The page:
One way to do this is by looking at jobs in a different way: How can you weave engagement into a job and not have it totally driven by operational procedures? Find ways to put purpose and meaning into jobs. Take a chance on autonomy.
Ditch the gold watches. Tenure-based awards don’t result in a culture in which employees feel recognized for what they’ve achieved and contributed, which is why 78% of employees report that they don’t feel recognized by their employers. The awards also do nothing to encourage the behaviors needed to succeed in business.
One way to let employees know that they’re appreciated is to move your recognition budget away from tenure-based awards, and toward values-based recognition programs. These not only drive behaviors that support your business, but are more timely, continuous and meaningful — all keys to an effective recognition program.
Use beneﬁts as a cultural differentiator. Rebels go much further than their peers on core beneﬁts, looking for creative opportunities to show their personalities and how they’re different.
One way to do this is by ﬁnding ways to invent or put your own spin on beneﬁts, rather than conﬁning yourself to what’s available in the marketplace. An example of this is from BrewDog, an independent Scottish brewery and pub chain, who created a unique beneﬁt called “pawternity leave.” Aligning with their love of dogs (the company was founded by two men and a dog), they decided to create a beneﬁt not common in the marketplace, which lets employees take a week off to take care of a new puppy or rescue dog.
Rebellious acts can come from rebellious companies big and small, with large or small budgets, and often no budgets. They include companies such as Adobe, BetterCloud, Buffer, Gap Inc., Interface Carpets, Southwest Airlines, SnackNation, Venables Bell & Partners and Zappos.
Although each is different, rebellious companies have these three things in common:
1. They strategically innovate. Innovation has become such a buzzword that we often forget what it is and why we’re doing it, and we end up innovating just so we can say we’re being innovative. Rebels go back to the basics, remembering the dictionary deﬁnition of innovation as happening when “ideas are applied by the company in order to further satisfy the needs and expectations of the customers.” With employees as our customers, true innovation occurs when we go back to basics and innovate in a strategic manner, linking innovation to the needs of our employees and to our businesses.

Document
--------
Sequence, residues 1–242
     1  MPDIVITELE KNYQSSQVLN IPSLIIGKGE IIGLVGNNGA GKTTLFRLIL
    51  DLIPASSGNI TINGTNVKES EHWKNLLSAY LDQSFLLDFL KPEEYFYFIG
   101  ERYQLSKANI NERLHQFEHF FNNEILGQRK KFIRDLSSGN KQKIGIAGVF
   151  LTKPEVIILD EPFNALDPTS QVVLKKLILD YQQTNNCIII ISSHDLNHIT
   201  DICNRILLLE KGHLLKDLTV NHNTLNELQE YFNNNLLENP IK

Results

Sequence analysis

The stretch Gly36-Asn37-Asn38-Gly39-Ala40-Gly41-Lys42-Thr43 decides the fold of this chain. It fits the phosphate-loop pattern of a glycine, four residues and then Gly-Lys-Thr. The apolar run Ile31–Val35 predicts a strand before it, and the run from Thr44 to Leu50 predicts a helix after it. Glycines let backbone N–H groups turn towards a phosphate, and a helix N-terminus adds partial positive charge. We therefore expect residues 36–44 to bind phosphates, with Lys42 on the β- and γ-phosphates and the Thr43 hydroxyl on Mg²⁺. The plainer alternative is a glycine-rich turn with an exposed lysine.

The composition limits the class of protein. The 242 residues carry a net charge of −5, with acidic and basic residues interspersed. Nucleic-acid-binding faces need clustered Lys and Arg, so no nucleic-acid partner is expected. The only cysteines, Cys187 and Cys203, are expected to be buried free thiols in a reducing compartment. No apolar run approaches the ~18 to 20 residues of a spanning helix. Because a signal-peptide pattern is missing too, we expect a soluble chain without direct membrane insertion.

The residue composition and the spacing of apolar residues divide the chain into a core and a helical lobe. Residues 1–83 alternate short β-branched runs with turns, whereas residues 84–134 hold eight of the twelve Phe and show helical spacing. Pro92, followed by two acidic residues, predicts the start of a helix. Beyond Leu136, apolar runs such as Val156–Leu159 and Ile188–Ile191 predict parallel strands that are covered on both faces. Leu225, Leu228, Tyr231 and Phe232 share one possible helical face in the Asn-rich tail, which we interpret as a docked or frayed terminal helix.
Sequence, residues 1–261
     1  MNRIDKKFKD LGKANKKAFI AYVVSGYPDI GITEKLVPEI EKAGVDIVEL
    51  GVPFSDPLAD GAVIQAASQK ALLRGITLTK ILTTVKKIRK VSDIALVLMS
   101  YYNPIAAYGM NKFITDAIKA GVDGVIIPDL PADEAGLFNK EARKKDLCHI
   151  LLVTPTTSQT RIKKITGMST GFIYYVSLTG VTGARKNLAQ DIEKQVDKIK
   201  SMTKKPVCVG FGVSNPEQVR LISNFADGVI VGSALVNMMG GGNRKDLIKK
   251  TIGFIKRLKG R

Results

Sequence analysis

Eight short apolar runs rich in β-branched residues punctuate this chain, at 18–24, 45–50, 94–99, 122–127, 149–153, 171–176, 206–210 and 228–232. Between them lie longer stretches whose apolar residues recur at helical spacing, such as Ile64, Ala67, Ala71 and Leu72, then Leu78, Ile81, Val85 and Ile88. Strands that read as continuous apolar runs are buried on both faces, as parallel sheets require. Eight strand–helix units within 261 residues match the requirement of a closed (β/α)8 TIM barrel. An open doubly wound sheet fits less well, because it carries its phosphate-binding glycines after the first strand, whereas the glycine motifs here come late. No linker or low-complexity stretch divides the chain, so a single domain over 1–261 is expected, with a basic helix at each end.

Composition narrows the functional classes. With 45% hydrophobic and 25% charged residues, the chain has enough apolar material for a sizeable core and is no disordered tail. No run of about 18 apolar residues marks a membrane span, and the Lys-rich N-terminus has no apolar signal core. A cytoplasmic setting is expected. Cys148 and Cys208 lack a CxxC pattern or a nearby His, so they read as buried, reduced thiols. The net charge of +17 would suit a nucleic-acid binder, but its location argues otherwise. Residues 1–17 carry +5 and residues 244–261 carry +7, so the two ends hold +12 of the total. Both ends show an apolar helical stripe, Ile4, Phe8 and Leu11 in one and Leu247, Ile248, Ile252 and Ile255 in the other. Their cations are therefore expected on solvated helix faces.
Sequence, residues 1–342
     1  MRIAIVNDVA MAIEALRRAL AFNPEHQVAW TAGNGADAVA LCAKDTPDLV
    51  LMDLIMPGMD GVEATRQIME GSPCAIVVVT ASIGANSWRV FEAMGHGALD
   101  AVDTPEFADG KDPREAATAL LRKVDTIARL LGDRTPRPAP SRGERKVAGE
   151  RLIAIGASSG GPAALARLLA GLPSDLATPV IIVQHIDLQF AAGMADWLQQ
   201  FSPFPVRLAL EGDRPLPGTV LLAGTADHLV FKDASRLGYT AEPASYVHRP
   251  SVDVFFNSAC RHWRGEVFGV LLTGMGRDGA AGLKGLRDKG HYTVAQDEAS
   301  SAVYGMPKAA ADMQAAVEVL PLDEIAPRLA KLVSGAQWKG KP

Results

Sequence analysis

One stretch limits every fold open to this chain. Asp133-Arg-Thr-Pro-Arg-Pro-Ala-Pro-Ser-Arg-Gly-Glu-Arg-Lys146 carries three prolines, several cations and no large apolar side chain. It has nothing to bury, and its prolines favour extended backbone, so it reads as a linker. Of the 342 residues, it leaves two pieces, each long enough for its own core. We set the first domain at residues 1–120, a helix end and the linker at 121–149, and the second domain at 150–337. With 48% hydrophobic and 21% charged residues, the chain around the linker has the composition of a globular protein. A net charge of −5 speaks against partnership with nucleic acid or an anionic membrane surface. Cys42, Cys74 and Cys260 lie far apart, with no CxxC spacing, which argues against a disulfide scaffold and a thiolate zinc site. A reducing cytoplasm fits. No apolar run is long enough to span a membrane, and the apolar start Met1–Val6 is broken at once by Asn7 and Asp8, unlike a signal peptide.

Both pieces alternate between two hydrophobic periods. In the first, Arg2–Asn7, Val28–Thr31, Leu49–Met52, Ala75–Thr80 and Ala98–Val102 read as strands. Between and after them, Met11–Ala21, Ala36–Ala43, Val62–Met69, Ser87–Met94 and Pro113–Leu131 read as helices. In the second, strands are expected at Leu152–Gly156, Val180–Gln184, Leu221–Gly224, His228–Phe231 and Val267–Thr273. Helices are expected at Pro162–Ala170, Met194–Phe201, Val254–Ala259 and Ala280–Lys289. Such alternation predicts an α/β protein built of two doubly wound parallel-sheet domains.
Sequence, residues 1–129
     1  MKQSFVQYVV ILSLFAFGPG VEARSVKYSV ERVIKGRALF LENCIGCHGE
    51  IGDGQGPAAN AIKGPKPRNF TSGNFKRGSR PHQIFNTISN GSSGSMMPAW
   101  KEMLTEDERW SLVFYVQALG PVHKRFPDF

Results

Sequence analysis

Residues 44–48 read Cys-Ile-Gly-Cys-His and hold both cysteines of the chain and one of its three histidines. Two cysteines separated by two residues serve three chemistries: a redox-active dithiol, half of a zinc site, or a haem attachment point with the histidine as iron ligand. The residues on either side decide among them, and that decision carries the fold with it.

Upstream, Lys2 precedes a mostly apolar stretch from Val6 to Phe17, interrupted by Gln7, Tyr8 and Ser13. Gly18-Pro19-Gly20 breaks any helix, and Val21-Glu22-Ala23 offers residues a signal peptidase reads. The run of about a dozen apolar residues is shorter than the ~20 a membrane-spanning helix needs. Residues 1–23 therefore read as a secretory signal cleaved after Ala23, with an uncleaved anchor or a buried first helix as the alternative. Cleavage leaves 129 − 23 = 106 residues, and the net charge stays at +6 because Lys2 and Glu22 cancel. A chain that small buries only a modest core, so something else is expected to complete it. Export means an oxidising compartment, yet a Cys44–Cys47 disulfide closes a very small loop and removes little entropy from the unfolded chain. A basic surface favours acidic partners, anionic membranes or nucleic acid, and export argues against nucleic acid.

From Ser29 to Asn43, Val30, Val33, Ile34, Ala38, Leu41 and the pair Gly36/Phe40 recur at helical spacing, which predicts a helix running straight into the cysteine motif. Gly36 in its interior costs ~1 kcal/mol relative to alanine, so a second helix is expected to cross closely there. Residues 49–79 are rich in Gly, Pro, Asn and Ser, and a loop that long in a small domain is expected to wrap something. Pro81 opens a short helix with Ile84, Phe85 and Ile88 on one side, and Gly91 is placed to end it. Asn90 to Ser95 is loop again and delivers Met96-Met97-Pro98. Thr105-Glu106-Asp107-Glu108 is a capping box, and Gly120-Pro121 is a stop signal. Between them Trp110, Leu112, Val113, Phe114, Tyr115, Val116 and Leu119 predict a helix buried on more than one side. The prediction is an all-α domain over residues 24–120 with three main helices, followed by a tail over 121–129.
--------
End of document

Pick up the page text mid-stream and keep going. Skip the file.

2. They’re unique. Rebels know that if you want your employees to engage with you, they need to know who they’re engaging with. For this reason, they don’t take the latest fad off the shelf, but instead innovate in a way that is unique to their company and to their workforce. They aren’t afraid to show their personality, even if that means being different than others.
3. They’re brave. Rebels understand that being brave is about doing things that many often are afraid to do but need to be done to achieve a company’s objectives. They also know that being brave may mean having to go up against opposition and ﬁght for their cause no matter how difﬁcult and challenging it can be. They don’t let this fear get in their way, but use it to fuel their energy and passion to make things happen.
Keep in mind that the only way we are going to improve engagement and, as my company mission says, “Make the world a better place to work,” is to change our mindset and ways of treating people. We need to create the change that our companies need, and our employees deserve. I invite you to join our “rebelution,” and I can’t wait to hear what you do next.